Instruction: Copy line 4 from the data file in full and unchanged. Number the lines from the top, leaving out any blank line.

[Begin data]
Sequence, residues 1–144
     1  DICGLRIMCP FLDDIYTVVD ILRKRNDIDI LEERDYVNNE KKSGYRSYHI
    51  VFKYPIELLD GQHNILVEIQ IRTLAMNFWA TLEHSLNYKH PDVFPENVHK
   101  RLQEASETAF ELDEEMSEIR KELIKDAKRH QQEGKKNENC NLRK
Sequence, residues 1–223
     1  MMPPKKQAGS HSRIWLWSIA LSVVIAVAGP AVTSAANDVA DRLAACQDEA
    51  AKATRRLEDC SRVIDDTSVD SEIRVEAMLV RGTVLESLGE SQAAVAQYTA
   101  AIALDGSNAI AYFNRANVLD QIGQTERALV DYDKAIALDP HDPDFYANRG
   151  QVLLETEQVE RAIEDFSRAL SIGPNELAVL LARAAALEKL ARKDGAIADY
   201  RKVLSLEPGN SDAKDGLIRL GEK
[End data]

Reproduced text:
   101  RLQEASETAF ELDEEMSEIR KELIKDAKRH QQEGKKNENC NLRK